When you think of MSG, what are the first thoughts that come to mind? Probably that MSG is bad for you and that it is used in Chinese food. But have you ever wondered where this belief came from? Have you ever really researched MSG and its relation to Chinese food?
A recent episode of Adam Ruins Everything (one of the best shows on TV) tackled this issue. Even though I live in China and have written about Chinese food quite a bit, I never gave MSG much thought. It can’t be avoided over here, so even though I believed it was an unhealthy food additive, I didn’t worry about it much. (Between the annual milk scandals and cancer-causing rice and water here in China, MSG has been a pretty low-order concern). But I remember when living in the US, everyone seems to know a Chinese restaurant that must be avoided because they used the dreaded MSG.
However, the shocking truth is that this fear of MSG is far more rooted in racism than concern for public health. As Adam Conover explains in “Adam Ruins Spa Day“, MSG was discovered and created by Japanese chemist Kikunae Ikeda in 1907. The seasoning caught on, not just in East Asia, but around the world. By the 1950s, every restaurant and chef in the world was using it, and it was a staple in most American kitchens.
“In 1968, the New England Journal of Medicine published a letter from a doctor complaining about radiating pain in his arms, weakness and heart palpitations after eating at Chinese restaurants. He mused that cooking wine, MSG or excessive salt might be to blame. Reader responses poured in with similar complaints, and scientists jumped to research the phenomenon. “Chinese Restaurant Syndrome” was born.”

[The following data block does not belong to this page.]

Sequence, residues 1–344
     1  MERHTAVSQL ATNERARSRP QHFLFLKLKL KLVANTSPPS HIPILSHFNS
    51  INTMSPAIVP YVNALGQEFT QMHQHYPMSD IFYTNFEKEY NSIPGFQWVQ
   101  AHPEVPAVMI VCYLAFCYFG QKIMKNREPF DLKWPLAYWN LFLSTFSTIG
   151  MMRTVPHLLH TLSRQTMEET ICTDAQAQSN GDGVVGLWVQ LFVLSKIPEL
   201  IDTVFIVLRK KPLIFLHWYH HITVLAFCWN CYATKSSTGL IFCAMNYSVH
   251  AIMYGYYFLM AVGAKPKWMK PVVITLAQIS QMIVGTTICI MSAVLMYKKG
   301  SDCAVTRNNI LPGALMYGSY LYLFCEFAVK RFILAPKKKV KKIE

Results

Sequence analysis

So even though MSG was used by almost everyone at the time, this doctor only pointed the finger at Chinese restaurants, inexorably linking MSG to Chinese restaurants and Chinese food ever since.
And lest you doubt the racial component here, have you ever heard anyone complain about MSG in Doritos? Or Campbell’s Soup? No. The only times I have ever heard anyone complain about MSG is in relation to Chinese food.
But is there a reason to worry about MSG in your food? No. No study has ever found a link between MSG and supposed “side effects.” In fact, MSG is naturally occurring in your own body and you would die without it.
The history of MSG, the xenophobic reactions to it, and the extreme ways chefs are trying to recreate MSG without the negative stigma is all pretty fascinating and I encourage you read more about it and check out Adam Ruins Everything.